News by Andrew Kameka on Monday June 17, 2013.
|Sponsored links, if any, appear in green.|
Apple has issued a statement on its "Commitment to customer privacy" in light of recent reports that it and other companies like Facebook and Google have granted the NSA direct access to user data. Apple denied these allegations and reminds users that their communication is encrypted and cannot be shared to the government.
A report from The Guardian alleges that the NSA has a secret program known as PRISM that provides the government agency real-time access to communication or personal data. The accused companies have uniformly denied the report, and Apple has expanded on its denial by releasing the following statement:
"We first heard of the government's "Prism" program when news organizations asked us about it on June 6. We do not provide any government agency with direct access to our servers, and any government agency requesting customer content must get a court order."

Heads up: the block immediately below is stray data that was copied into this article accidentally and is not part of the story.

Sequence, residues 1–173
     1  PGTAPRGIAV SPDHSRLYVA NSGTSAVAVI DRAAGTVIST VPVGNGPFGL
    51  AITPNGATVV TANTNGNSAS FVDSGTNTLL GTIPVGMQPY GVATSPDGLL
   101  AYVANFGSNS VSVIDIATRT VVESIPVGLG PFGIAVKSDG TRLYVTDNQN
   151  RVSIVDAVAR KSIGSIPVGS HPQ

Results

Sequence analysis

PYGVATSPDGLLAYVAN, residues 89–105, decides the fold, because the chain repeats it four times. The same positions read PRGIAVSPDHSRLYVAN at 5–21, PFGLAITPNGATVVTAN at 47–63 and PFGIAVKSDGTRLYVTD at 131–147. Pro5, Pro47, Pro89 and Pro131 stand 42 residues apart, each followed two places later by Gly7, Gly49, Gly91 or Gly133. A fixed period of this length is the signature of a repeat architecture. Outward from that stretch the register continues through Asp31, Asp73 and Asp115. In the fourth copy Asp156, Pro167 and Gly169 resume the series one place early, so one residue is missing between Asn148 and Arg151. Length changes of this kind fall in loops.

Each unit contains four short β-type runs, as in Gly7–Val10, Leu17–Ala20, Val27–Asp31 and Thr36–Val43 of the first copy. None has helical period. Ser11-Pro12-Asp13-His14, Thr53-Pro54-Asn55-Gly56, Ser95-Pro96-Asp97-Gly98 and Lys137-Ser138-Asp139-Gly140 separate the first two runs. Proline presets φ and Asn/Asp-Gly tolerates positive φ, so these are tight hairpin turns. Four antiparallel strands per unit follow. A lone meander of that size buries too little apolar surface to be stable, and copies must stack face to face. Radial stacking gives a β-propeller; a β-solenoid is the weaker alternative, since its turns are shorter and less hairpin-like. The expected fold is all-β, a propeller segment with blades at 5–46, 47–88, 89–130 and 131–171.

Apple clarified that it receives 4,000 to 5,000 requests for customer data from law enforcement agencies related to criminal and anti-terror investigations. Most of the requests were from police officers or missing children, says Apple. The company evaluates each request individually and it does not always comply with requests, which is direct contrast with picture painted by the PRISM report.
Apple also reiterated that personal communication using its iMessage and FaceTime software cannot be shared with the company because both have end-to-end encryption. By design, the apps encrypt data sent and received in a way that Apple cannot access the data. Furthermore, user data for location, Apple Map searches, and Siri requests cannot be linked back to individual accounts.source: Apple
Andrew is MobileBurn.com's managing editor. He is based in Miami, Florida.